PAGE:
Cancer researchers talk about their pioneering work to discover and develop new drugs in a new video for schools and students designed to bring the UK’s GCSE curriculum on the creation of new treatments to life.
The video and an accompanying activity pack are part of a programme of work at The Institute of Cancer Research, London, aimed at encouraging a diverse range of young people to enter science.
The 10-minute video is fronted by two cancer researchers who talk through how the ICR identifies drug targets, creates prototype drugs, carries out preclinical testing and eventually takes new treatments into clinical trials.
The accompanying activity pack gives students the chance to assess the most promising prototype drugs based on chemical data, and to design their own clinical trial.
Supporting science learning
The ICR has designed the video and activity pack to support the GCSE science curriculum in the areas of ‘how medicines are made’, ‘clinical trials’, ‘cancer’ and ‘chemical analysis’, and covers drug discovery and development through from finding a drug target, to clinical trials and drug licencing.
It goes beyond the content of the curriculum, introducing new concepts involved in the creation of new treatments to enrich learning and facilitate a deeper understanding of the subject.
The video, which features researchers from the Division of Cancer Therapeutics and the Division of Clinical Studies and contains animations to help explain complex topics, was co-designed with ICR researchers and science teachers.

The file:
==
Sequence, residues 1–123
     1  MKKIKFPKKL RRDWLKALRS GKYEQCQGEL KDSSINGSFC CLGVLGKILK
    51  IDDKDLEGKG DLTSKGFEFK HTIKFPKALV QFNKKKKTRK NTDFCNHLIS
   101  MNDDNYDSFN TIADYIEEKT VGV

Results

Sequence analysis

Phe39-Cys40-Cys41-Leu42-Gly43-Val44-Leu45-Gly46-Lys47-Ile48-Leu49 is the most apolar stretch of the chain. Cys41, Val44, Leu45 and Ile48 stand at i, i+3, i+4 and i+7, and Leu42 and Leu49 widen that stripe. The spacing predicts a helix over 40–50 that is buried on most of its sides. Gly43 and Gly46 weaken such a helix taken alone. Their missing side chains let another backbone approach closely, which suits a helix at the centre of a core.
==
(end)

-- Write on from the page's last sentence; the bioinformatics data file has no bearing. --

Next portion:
Inspiring cancer researchers of the future
The ICR is passionate about inspiring a diverse and inclusive next generation of cancer researchers, and equipping students with the knowledge and skills needed to pursue careers in science and research.
The new Creating Cancer Treatments resource is intended to help students learn about drug discovery and development as part of their GCSE course, as well as spark their interest in careers in science.
Selby De Klerk, former Scientific Officer in the Target Evaluation and Molecular Therapeutics team, said:
“Being part of this project was a brilliant opportunity to share our research with young people, which is something I’m passionate about.
“I hope that this resource will not only help students to learn about drug discovery and development, but that it will inspire them to explore careers in cancer research – perhaps some of the students who use the resource will be the drug discovery leaders of the future!”
Alysia Haughton-Nicholls, Subject Lead for Biology and Coordinator of Student Futures at Harris Academy Sutton, worked with the ICR to develop the video and resource pack. She said: “This video and resource will be hugely valuable to students – it will enrich their learning and give context to it, enabling them to link what they learn in the classroom to future career prospects. It has been a privilege to contribute to towards this project – being able to inform young people about the ICR’s amazing work and its impact has been enormously rewarding.”